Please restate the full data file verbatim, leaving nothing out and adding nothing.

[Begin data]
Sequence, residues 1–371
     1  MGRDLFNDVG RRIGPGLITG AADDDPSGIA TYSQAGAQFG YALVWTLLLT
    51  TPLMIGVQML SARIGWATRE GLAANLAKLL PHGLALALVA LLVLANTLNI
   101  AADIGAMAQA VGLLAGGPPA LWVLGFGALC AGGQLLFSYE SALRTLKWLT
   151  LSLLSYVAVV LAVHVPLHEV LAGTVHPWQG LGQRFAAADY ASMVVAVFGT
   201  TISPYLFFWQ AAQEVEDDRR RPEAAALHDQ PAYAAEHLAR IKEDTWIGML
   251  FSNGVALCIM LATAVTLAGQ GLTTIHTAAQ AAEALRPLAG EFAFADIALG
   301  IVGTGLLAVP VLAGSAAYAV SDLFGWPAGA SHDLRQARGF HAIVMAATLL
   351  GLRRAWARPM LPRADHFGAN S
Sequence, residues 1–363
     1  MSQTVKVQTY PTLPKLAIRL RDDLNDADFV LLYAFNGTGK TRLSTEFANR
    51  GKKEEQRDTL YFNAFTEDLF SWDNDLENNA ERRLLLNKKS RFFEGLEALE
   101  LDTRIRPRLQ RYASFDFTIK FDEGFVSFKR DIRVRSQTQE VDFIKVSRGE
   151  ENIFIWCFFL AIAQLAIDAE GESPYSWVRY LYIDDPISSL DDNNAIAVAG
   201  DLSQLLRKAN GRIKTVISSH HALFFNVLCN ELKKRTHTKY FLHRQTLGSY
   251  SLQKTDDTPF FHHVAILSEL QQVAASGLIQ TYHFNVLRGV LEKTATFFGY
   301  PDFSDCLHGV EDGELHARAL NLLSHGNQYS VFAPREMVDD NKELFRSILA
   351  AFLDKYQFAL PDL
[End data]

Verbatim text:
Sequence, residues 1–371
     1  MGRDLFNDVG RRIGPGLITG AADDDPSGIA TYSQAGAQFG YALVWTLLLT
    51  TPLMIGVQML SARIGWATRE GLAANLAKLL PHGLALALVA LLVLANTLNI
   101  AADIGAMAQA VGLLAGGPPA LWVLGFGALC AGGQLLFSYE SALRTLKWLT
   151  LSLLSYVAVV LAVHVPLHEV LAGTVHPWQG LGQRFAAADY ASMVVAVFGT
   201  TISPYLFFWQ AAQEVEDDRR RPEAAALHDQ PAYAAEHLAR IKEDTWIGML
   251  FSNGVALCIM LATAVTLAGQ GLTTIHTAAQ AAEALRPLAG EFAFADIALG
   301  IVGTGLLAVP VLAGSAAYAV SDLFGWPAGA SHDLRQARGF HAIVMAATLL
   351  GLRRAWARPM LPRADHFGAN S
Sequence, residues 1–363
     1  MSQTVKVQTY PTLPKLAIRL RDDLNDADFV LLYAFNGTGK TRLSTEFANR
    51  GKKEEQRDTL YFNAFTEDLF SWDNDLENNA ERRLLLNKKS RFFEGLEALE
   101  LDTRIRPRLQ RYASFDFTIK FDEGFVSFKR DIRVRSQTQE VDFIKVSRGE
   151  ENIFIWCFFL AIAQLAIDAE GESPYSWVRY LYIDDPISSL DDNNAIAVAG
   201  DLSQLLRKAN GRIKTVISSH HALFFNVLCN ELKKRTHTKY FLHRQTLGSY
   251  SLQKTDDTPF FHHVAILSEL QQVAASGLIQ TYHFNVLRGV LEKTATFFGY
   301  PDFSDCLHGV EDGELHARAL NLLSHGNQYS VFAPREMVDD NKELFRSILA
   351  AFLDKYQFAL PDL